Assuntos
Tamanho Corporal/fisiologia , Interações Hospedeiro-Parasita/fisiologia , Vespas/anatomia & histologia , Vespas/fisiologia , Animais , Feminino , Larva/anatomia & histologia , Larva/fisiologia , Masculino , Oviposição/fisiologia , Taxa de Sobrevida
15.
An Acad Bras Cienc ; 91(3): e20171028, 2019 Sep 02.
Artigo em Inglês | MEDLINE | ID: mdl-31482992

RESUMO

Aplectana hylambatis is a nematode with a wide geographic distribution and low host specificity. In spite of numerous reports, until this moment, the morphological variations between different hosts and localities have not been studied. We studied 401 specimens collected from five host species from seven localities in Argentina, and examined the following morphological characters: mamelon-like cuticular protuberances anterior to the vulva, structure of the gubernaculum and the spicules, number and arrangement of caudal papillae, and the measurements of twelve characters in females and eleven characters in males. The results showed that mamelon-like protuberances and caudal papillae varied in number and arrangement between different hosts and localities. The metrical study revealed that five characters in males and six in females contributed to variability; nine characters showed significant differences between host species and localities. Specimens of A. hylambatis collected from R. arenarum formed a group clearly differentiated from the rest of the specimens. The results from this study highlight the importance of examining as many specimens as possible from different host samples and from several localities to cover the intraspecific variations.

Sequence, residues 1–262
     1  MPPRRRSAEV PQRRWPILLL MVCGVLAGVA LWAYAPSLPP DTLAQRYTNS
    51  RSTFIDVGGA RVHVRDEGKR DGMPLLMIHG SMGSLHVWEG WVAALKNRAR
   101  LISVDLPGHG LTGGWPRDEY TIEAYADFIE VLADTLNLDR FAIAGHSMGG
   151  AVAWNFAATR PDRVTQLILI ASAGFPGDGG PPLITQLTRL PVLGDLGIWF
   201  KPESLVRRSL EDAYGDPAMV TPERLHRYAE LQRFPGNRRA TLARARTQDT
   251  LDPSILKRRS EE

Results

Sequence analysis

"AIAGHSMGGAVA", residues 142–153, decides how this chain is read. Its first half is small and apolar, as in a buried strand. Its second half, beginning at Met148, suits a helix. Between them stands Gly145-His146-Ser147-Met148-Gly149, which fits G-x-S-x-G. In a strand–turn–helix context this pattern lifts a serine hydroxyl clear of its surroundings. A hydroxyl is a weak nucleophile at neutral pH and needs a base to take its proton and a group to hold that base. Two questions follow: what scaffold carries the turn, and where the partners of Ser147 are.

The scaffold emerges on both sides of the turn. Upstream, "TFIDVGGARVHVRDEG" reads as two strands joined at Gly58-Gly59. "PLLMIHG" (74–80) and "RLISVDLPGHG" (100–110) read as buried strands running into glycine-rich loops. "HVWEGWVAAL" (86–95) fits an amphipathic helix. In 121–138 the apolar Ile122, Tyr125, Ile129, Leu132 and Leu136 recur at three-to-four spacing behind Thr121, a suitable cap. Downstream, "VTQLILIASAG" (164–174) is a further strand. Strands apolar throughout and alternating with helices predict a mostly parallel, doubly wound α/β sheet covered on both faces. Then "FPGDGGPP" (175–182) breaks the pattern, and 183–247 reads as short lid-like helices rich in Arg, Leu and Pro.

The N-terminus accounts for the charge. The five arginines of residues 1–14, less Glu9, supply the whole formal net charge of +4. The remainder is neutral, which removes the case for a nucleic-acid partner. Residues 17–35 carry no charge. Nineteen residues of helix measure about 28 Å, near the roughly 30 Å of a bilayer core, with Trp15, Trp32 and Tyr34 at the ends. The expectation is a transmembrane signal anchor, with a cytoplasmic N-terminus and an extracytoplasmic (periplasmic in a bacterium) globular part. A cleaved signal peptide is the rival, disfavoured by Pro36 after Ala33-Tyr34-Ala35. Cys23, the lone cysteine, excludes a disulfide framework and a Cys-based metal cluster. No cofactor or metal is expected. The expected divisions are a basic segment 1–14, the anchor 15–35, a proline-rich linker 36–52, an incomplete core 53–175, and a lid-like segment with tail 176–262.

Assuntos
Anuros/parasitologia , Nematoides/anatomia & histologia , Nematoides/classificação , Animais , Anuros/classificação , Argentina , Feminino , Geografia , Interações Hospedeiro-Parasita , Masculino
16.
Vet Parasitol ; 273: 36-44, 2019 Sep.
Artigo em Inglês | MEDLINE | ID: mdl-31442891

RESUMO